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Scientists reveal the third dimension of magnetic skyrmion tubes

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An international team of researchers from the Max Planck Institute for Intelligent Systems in Stuttgart, the Universities of Southampton, Exeter, Warwick and Cambridge, and 3 synchrotrons -BESSY II, SOLEIL and Diamond- coordinated by Prof. Peter Hatton, Durham University, have succeeded in imaging the three dimensional structure of a skyrmion tube. This achievement will allow the nanoscale mechanisms governing the formation and destruction of skyrmions to be investigated. Their results are published in Nature Communications.

Skyrmions - topological, nanoscopic magnetic whirls - are commonly presented as two dimensional, disc-like objects. However in reality, they are believed to extend through the thickness of the material as an elongated string-like tube, as visualised in Figure 1. Due to the limitations of conventional magnetic imaging techniques, real-space imaging of this vertical dimension of the skyrmion spin texture has remained elusive.

Figure 1 : A three dimensional visualisation of three magnetic skyrmion tubes, as seen in micromagnetic simulations. The inset displays the magnetic Bloch point at the end of each tube.

Now, an international team of researchers from the UK, France and Germany have overcome these limitations using magnetic x-ray holography and microscopy techniques. “Previously, these skyrmion tubes had only been shown in simulation work,” explains Max Birch, a PhD student at Durham University, and the lead author on the publication. “We found a way to experimentally image this previously unexplored dimension of the skyrmion state.

 

The topological properties of magnetic skyrmions mean that they are stable against all but the largest of deformations, giving them a potential use as information storage element in future data devices. However, efficient control of the reading and writing of skyrmions requires understanding of their formation and destruction mechanisms. The tube-like structure is the key starting point: skyrmions unwind by the motion of magnetic singularities, known as Bloch points, at the end of each skyrmion tube, acting as a topological zipper. Successful imaging of skyrmion tubes has now opened the door to further research into the dynamics governing these processes.

 

The researchers used 120 nanometer thin iron-germanium (FeGe) lamellae, prepared by focused ion beam milling, in which they were able to visualise the 3D structure of the skyrmion tubes. FeGe is one of a number of chiral magnets that have recently been discovered to host magnetic skyrmions.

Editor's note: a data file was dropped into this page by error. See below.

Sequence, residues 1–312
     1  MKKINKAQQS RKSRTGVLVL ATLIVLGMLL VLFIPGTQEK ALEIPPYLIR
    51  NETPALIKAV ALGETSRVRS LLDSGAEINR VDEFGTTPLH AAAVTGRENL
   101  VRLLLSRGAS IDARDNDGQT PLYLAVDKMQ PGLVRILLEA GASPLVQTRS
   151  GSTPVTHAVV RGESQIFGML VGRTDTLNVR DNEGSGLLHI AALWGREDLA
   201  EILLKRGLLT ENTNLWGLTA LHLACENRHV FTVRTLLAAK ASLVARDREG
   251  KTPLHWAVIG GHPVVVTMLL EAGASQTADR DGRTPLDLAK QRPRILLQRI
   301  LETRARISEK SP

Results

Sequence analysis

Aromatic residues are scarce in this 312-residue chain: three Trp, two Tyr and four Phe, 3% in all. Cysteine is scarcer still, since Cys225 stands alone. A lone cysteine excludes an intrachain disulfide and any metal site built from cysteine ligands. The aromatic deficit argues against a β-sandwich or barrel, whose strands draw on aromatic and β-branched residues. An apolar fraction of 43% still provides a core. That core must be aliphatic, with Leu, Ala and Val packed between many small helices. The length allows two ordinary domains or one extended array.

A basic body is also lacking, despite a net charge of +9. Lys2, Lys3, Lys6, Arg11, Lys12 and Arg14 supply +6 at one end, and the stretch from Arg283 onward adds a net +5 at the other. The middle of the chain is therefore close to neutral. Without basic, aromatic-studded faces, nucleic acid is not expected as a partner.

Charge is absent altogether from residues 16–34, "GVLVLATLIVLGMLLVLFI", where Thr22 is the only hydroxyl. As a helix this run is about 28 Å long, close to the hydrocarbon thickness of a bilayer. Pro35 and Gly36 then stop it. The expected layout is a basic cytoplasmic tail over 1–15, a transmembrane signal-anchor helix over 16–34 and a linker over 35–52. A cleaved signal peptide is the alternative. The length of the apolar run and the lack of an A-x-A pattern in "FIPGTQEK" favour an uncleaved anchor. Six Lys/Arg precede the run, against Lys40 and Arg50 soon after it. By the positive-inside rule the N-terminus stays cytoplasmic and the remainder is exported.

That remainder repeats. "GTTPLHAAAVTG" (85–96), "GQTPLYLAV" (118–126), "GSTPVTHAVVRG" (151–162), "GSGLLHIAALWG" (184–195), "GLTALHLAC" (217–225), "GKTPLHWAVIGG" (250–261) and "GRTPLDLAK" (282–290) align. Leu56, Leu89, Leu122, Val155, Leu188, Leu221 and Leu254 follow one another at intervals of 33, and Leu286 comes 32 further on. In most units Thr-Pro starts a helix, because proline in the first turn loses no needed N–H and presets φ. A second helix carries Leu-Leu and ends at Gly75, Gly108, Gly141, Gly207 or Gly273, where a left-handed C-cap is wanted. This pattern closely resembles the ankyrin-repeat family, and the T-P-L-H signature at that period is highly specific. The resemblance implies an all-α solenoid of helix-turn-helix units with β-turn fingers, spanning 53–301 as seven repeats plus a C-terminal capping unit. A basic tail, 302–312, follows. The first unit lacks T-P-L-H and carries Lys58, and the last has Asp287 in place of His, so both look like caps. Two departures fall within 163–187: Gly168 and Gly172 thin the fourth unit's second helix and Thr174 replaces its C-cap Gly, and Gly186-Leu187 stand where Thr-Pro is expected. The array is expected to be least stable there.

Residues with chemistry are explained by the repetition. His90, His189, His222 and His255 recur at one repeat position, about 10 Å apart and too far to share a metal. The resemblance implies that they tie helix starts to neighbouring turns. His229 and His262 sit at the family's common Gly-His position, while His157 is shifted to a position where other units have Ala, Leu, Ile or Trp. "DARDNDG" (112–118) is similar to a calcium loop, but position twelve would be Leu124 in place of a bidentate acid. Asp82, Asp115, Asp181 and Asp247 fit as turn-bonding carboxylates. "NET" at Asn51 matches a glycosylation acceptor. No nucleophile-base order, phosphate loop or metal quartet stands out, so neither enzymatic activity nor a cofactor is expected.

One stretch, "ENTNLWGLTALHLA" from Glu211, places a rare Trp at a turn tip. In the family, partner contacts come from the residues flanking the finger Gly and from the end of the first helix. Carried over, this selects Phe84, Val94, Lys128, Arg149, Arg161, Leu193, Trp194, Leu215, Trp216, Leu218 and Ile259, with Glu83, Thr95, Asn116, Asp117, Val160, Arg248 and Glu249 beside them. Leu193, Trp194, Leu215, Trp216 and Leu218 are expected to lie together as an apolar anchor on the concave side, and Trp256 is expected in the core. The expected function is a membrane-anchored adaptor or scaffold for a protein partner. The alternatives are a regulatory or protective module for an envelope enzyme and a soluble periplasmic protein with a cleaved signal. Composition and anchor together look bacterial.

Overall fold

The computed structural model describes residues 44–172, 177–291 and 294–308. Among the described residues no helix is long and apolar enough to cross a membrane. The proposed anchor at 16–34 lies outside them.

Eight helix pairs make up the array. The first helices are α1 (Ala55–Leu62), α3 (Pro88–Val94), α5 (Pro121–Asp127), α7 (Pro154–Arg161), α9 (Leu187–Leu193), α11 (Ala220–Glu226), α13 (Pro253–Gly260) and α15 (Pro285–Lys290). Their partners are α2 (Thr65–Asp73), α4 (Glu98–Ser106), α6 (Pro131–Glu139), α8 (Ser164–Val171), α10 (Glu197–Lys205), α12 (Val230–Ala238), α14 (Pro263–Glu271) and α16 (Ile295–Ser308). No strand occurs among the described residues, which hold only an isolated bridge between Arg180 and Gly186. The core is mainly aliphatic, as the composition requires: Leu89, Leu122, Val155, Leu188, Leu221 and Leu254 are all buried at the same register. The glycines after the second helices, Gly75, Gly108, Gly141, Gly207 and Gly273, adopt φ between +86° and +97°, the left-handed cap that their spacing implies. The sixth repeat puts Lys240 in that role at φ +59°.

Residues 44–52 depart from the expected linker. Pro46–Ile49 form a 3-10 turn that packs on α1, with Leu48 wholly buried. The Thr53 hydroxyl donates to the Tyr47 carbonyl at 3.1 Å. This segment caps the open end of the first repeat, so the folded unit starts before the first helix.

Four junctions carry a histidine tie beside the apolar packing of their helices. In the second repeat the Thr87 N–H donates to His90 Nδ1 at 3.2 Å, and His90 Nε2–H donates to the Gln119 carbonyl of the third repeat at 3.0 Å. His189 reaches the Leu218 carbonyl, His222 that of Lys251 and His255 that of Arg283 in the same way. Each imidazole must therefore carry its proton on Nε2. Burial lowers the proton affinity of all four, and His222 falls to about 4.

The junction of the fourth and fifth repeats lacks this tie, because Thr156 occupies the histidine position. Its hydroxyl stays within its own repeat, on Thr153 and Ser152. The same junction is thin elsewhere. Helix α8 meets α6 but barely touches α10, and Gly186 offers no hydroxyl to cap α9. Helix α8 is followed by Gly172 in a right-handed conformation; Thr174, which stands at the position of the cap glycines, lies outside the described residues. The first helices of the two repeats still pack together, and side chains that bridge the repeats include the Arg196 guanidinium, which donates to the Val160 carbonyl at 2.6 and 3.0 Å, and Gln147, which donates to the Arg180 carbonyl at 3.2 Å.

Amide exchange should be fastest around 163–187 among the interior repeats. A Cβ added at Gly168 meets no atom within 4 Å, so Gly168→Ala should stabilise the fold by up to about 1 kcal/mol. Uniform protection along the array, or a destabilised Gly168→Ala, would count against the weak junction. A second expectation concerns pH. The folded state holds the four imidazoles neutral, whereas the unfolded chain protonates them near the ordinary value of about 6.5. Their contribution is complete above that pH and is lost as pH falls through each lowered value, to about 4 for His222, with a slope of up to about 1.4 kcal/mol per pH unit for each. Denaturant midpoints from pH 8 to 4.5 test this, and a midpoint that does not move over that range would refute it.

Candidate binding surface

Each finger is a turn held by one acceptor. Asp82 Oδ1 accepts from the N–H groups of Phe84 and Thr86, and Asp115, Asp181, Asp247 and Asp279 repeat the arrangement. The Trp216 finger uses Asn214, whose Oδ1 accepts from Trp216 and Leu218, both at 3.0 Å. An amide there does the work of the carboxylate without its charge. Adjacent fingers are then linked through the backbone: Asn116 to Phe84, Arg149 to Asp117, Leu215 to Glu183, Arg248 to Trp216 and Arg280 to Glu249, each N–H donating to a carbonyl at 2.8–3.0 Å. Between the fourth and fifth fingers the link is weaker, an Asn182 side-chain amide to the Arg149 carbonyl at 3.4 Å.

Among other instruments, the COMET endstation at SEXTANTS beamline, was crucial in performing x-ray holography imaging techniques. “Holography allows us to recapture the phase information of a diffracted x-ray beam. Typically, this phase information is lost, meaning reconstructing an image of the sample from x-ray diffraction data is impossible,” explains Birch. “The SEXTANTS beamline at SOLEIL, with its ability to cool the sample down to cryogenic temperatures, is uniquely capable of performing these measurements.” Using this technique, the researchers were able to image skyrmions with only a 70 nm size, 100 times smaller than a human hair.

 

Birch’s supervisor, Prof. Peter Hatton, Durham University, brought together an international research team, involving scientists from the Max Planck Institute for Intelligent Systems in Stuttgart, the Universities of Southampton, Exeter, Warwick and Cambridge, and experts at the synchrotron radiation sources BESSY II in Germany, SOLEIL in France and the Diamond Light Source in Great Britain. “The project truly was an interdisciplinary team effort, with contributions from a wide range of experts in crystal growth, micromagnetic simulations, and x-ray imaging methods,” says Hatton. Birch concludes, "The ability to bring together multiple X-ray instruments and techniques, and take advantage of their unique capabilities, was crucial to the success of this project".